By Kay Kaylor
I advocate for residents in extended care and assisted living residences as the region’s lead long-term care ombudsman. I also am a Senior Medicare Patrol and State Health Insurance Assistance Program counselor. Information on the many aging and care concerns will be included here.
Now that at least 36 states are openly reporting the cases and deaths from COVID-19 in long-term care facilities, the public is likely shocked at the numbers. According to a Kaiser Family Foundation (KFF) report released April 23, the portion of total deaths from the virus experienced in care facilities ranges from 8 percent in South Carolina to 60 percent in Delaware. In Colorado, 17 percent of total cases and 50 percent of total deaths have occurred in long-term care homes as of that date.
Residents of these homes are among the most vulnerable to contagious illness due to age and underlying health conditions, and the close quarters make control of the virus difficult. Advocates such as Justice in Aging and National Consumer Voice are continuously sharing information and contacting lawmakers to seek improvements, such as help for employees and increasing tests and protective equipment.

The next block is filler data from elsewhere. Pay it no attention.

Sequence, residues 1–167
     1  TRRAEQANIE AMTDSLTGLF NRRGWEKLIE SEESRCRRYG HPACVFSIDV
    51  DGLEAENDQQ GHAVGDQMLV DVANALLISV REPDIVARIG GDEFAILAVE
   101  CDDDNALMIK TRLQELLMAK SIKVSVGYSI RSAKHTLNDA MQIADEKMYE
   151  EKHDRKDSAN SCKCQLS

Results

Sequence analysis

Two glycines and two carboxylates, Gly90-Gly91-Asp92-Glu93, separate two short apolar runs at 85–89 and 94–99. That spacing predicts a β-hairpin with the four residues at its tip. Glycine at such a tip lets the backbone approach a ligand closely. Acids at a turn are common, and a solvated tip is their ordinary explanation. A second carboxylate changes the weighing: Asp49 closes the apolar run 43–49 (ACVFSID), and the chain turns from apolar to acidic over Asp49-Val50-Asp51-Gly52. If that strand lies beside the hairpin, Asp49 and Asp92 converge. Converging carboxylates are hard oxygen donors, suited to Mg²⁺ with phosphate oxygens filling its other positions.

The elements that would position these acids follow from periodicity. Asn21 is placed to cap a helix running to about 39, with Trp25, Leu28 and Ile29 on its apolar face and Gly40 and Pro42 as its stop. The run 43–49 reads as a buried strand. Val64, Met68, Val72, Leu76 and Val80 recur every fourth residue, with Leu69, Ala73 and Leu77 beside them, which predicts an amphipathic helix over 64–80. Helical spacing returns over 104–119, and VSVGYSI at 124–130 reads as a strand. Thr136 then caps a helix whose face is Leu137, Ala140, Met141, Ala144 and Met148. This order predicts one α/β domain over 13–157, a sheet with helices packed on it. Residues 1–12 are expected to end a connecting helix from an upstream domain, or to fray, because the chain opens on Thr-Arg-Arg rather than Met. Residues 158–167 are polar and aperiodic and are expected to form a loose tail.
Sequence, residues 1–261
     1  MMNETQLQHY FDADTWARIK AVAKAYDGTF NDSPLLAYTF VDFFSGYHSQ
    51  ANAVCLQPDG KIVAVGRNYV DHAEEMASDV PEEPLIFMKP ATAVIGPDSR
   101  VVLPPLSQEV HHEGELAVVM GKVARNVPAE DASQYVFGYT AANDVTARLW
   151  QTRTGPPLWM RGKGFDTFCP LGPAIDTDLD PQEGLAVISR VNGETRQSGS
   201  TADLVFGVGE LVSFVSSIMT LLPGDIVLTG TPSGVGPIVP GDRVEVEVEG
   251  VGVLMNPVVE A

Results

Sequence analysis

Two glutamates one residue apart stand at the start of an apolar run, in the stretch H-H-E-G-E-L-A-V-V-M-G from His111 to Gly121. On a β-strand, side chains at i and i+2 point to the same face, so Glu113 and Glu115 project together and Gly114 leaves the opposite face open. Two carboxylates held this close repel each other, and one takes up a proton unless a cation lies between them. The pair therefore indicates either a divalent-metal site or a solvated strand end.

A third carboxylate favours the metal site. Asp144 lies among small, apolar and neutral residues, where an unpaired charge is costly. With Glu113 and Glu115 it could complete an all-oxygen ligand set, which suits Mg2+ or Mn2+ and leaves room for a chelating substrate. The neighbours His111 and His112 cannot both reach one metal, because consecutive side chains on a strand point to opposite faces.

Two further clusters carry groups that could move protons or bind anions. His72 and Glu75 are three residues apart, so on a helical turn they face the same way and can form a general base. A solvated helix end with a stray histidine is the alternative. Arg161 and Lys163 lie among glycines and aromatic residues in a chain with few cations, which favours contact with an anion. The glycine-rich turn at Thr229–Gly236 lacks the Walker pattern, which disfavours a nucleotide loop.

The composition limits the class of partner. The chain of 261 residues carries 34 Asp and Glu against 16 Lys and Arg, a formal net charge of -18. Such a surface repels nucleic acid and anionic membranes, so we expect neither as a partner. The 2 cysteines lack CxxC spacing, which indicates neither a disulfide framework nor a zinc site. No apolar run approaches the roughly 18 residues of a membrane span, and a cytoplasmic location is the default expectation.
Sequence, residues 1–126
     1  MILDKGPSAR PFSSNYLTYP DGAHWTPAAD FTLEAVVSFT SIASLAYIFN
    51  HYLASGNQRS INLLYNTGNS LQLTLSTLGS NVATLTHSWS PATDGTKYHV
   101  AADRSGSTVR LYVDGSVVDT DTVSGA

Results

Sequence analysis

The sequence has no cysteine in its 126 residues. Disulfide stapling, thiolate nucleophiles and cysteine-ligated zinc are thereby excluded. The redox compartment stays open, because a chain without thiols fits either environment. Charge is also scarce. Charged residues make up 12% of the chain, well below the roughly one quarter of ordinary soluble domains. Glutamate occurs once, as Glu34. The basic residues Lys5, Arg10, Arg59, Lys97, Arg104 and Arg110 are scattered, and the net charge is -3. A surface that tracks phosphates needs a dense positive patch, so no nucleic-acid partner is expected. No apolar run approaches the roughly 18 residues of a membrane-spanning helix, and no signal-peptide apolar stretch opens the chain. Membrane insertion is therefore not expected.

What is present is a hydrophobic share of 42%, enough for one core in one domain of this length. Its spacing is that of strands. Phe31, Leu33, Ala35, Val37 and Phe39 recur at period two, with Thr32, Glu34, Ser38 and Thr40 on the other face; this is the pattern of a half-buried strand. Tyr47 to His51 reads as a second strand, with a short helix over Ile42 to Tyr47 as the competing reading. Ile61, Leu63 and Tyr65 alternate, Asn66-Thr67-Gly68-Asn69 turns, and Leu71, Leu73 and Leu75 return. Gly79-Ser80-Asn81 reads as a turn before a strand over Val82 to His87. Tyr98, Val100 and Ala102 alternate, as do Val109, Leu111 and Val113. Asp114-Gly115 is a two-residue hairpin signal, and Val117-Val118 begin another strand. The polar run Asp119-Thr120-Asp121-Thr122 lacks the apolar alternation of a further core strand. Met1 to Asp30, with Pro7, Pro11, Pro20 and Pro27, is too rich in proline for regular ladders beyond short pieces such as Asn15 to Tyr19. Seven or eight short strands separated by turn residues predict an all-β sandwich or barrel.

In 2017, almost 40 percent of facilities had infection control issues found during health department inspections, KFF notes. Due to national directives, the Colorado Department of Public Health and Environment has postponed its regular inspections to focus on facilities with virus outbreaks or with prior infection control citations. In this region, at least one facility had an April inspection due to a prior infection control citation.
Families and friends who cannot visit, generally unless a resident is nearing death, must avoid sharing with residents their anxiety, fears and frustrations with the situation. People who are living with dementia will sense these feelings and become upset while also tending to forget or not understand why caregivers are wearing masks, for example, cars are driving by honking or people are talking to them outside a window with a phone.
The Alzheimer’s Association suggests continuing to communicate with residents, to send cards and treats, and to emphasize how these confusing practices are temporary and for everyone’s safety. It offers information and support through its 24-hour Helpline, (800) 272-3900.
The San Juan Basin Area Agency on Aging offers resources for people age 60 and older or on Medicare. For further information, please call or text 403-2165 or send an email to firstname.lastname@example.org.